Any primary age
"Everybody, tidy up." Pupils don't seem to be able to tidy up properly at the end of the day without a system in place.
And amid the commotion of this sometimes arduous task there, no doubt, linger a few pupils sneakily eschewing any part of it.
I print cards (more than there are children for reasons which will become obvious), each with a small task on it, for example, "Pick 15 things off the floor", "Turn off the class computer", "Stack six chairs".
Once I have given out the cards, they get to work. And pupils love it - it means they don't have to make decisions at a time when they are mentally tired, they have a responsibility, there's an element of fun and there's no hiding from the fact they have a personal job to do.
Once they have completed their job, they give their card back and I check they have achieved the task. Some children even come back for another card.
It has made tidying up at the end of the day much calmer.
Ben Williams is a Year 6 teacher at St Mark's Church of England Junior School in Salisbury
Ages 14 to 16
Try this simple but effective two-lessonone-homework exercise to vary the way you prepare pupils for GCSE poetry exam tasks.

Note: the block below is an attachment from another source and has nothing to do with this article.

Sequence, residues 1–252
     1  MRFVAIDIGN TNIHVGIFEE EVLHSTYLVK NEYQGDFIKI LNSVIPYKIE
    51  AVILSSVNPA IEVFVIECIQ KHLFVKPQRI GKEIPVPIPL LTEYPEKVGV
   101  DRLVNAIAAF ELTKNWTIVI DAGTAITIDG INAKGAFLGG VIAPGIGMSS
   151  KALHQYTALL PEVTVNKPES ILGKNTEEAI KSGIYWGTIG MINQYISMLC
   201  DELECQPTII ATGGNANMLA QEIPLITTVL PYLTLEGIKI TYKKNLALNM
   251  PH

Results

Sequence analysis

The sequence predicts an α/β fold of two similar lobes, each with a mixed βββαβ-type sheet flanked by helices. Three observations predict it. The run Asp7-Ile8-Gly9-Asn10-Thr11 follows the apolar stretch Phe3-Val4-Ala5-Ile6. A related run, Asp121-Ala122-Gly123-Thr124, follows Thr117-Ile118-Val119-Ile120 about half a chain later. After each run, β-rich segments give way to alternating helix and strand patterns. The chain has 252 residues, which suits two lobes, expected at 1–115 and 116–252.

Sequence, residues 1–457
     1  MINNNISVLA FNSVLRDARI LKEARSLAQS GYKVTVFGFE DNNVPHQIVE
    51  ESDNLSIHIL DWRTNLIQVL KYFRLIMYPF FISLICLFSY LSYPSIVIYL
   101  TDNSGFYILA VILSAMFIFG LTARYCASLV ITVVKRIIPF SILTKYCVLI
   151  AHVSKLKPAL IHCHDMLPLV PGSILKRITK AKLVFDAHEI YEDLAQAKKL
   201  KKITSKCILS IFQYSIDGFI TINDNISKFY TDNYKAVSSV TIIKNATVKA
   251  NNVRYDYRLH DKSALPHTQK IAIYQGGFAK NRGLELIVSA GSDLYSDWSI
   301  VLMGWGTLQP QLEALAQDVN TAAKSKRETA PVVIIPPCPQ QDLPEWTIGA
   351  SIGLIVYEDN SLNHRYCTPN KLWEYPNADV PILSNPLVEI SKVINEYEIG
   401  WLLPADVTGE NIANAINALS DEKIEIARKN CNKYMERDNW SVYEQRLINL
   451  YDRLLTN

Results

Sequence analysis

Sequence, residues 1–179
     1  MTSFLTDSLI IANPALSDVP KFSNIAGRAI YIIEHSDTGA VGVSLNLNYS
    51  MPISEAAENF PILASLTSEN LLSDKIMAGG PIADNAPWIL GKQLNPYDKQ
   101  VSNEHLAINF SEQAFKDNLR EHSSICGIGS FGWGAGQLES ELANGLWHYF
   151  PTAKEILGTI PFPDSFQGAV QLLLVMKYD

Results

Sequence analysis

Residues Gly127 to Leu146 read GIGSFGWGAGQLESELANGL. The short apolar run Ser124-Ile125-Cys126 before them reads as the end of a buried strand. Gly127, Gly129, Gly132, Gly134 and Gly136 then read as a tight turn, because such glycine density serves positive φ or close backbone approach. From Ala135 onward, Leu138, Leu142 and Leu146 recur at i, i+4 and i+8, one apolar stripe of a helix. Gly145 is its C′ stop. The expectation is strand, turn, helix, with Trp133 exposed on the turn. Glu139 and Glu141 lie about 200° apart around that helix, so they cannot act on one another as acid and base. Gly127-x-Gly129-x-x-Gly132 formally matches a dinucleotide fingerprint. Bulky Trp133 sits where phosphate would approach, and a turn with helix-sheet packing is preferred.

This involves two classes. Get pupils from each to learn a poem. They will become "expert" on it and will be responsible for teaching it to a partner from the other class.
For homework they should create a handout to use as a visual aid of the key learning points. Recommend they plan their points using the LIST formula (Language, ideas, structure and tone).
By next lesson, you and your colleague should have paired up pupils from both classes. Pupils now have 20 minutes each to teach their partner their respective poems.
The result is a fresh and memorable learning experience, which pupils take surprisingly seriously. If you doubt your pupils' ability to grasp the necessary points from their partner, you can always recap on the new poem next lesson.
Josephine Smith is head of English at Casterton Community College, Rutland